In territorial songbirds, duets between mates represent one of the best-known examples of communal display, with the main function being the defence of joint resources. In this study, we found evidence of a coordinated choral display performed by neighbouring heterospecific songbirds. In such choruses, most of the participating species perform a deliberate temporal overlap of songs, thus suggesting agonistic behaviour. However, they then utilize a complex form of behaviour to avoid signal jamming, making the aggressive purpose unlikely. We define these displays as “coordinated interspecific choruses”. We recorded dusk choruses of songbirds living in a mixed turkey oak wood in central Italy, and then carried out a niche overlap analysis using null models that were intended for investigations of concurrent emissions of songs, finding that species tend to sing concurrently instead of using the refractory period of another species. Among the species singing concurrently, about half used the same frequency range, but instead of finding considerable spectral overlap between their vocalizations, the number of real spectral overlaps was lower than would be expected by chance. We propose a tentative explanation for this, where such choruses are the expression of the existence of a neighbourhood of different species that has evolved a communal signal that is similar to that used by mates in a pair, i.e. coordinated vocalizations. As coordination requires experience of each other's songs, we propose that evolution has selected individuals that are more skilled at learning heterospecific songs.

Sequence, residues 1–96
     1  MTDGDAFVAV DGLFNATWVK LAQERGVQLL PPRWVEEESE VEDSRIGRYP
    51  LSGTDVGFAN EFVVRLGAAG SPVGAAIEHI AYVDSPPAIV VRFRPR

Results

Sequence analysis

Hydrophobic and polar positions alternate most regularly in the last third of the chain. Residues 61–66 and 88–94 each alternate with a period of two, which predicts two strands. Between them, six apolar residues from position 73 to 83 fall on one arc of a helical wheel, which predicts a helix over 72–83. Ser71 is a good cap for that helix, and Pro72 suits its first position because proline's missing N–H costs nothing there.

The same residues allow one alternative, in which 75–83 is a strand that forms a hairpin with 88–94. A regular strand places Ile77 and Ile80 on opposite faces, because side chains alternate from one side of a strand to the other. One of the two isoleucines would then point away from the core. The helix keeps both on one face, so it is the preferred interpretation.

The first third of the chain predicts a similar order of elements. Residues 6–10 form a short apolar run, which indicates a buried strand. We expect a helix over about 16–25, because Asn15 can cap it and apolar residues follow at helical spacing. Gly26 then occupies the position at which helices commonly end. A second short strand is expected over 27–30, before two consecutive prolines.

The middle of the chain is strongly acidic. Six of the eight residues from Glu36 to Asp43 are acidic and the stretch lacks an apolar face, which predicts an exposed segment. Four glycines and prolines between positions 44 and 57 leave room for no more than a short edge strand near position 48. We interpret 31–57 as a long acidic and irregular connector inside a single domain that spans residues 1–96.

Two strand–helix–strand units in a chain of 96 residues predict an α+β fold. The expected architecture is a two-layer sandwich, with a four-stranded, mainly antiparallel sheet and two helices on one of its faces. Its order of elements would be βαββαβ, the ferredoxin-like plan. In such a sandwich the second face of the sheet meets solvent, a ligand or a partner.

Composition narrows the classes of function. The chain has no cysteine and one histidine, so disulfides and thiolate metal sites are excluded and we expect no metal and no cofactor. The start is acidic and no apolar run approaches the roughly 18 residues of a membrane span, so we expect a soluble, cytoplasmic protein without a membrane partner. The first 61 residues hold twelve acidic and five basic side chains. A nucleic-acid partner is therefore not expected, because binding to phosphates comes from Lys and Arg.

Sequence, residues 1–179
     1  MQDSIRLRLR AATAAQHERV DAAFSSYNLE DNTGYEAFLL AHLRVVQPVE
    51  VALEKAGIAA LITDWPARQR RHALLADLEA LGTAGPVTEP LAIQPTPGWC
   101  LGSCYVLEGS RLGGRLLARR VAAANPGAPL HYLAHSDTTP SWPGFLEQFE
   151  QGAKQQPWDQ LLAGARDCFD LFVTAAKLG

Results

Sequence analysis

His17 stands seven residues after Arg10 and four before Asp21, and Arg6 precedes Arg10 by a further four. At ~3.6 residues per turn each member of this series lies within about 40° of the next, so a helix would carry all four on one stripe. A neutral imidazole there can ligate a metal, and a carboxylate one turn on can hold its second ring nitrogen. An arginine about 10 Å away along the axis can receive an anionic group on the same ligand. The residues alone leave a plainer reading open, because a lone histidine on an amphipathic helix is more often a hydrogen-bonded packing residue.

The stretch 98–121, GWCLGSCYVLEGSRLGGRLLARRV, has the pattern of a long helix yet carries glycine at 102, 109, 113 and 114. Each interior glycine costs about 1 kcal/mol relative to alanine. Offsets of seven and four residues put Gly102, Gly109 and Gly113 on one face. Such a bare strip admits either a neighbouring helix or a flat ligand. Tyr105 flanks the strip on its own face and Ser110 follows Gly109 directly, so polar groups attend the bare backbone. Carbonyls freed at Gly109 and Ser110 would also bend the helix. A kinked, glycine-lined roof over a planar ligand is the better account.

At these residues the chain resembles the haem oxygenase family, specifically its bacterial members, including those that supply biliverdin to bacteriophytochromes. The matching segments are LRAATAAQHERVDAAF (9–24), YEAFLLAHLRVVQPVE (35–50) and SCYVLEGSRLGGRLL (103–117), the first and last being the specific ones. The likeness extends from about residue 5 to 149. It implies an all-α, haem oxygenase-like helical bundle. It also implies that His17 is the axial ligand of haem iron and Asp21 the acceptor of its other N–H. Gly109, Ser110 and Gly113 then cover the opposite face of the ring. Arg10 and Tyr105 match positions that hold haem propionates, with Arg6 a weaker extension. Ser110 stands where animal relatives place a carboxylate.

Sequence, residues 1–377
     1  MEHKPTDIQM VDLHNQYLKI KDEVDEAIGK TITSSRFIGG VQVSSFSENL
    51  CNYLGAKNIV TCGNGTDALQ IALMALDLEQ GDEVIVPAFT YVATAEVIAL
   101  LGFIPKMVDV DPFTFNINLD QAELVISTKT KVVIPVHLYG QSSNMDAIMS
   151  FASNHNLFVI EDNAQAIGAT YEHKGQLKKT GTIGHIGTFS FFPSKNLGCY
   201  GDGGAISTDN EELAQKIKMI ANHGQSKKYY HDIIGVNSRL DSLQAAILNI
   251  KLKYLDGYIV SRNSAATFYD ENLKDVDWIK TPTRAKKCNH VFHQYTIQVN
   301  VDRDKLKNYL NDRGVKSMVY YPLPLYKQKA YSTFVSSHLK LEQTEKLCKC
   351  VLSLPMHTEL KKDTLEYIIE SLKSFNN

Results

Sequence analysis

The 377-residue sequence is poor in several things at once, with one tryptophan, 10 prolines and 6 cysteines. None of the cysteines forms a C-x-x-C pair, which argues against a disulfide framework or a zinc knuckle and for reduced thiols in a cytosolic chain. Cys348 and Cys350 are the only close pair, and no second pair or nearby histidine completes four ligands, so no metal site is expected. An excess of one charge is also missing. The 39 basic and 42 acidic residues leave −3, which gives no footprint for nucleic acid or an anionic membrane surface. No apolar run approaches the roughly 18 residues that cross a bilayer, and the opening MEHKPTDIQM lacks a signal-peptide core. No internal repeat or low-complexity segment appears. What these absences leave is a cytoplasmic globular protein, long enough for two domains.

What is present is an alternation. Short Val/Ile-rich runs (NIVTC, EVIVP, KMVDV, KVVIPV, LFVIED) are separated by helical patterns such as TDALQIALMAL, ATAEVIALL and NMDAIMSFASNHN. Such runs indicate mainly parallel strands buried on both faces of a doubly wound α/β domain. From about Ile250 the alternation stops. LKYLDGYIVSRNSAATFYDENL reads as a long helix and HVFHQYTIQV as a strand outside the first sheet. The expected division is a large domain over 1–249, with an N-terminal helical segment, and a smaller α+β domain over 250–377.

bird choruses, jamming avoidance, concurrent emissions, heterospecific communication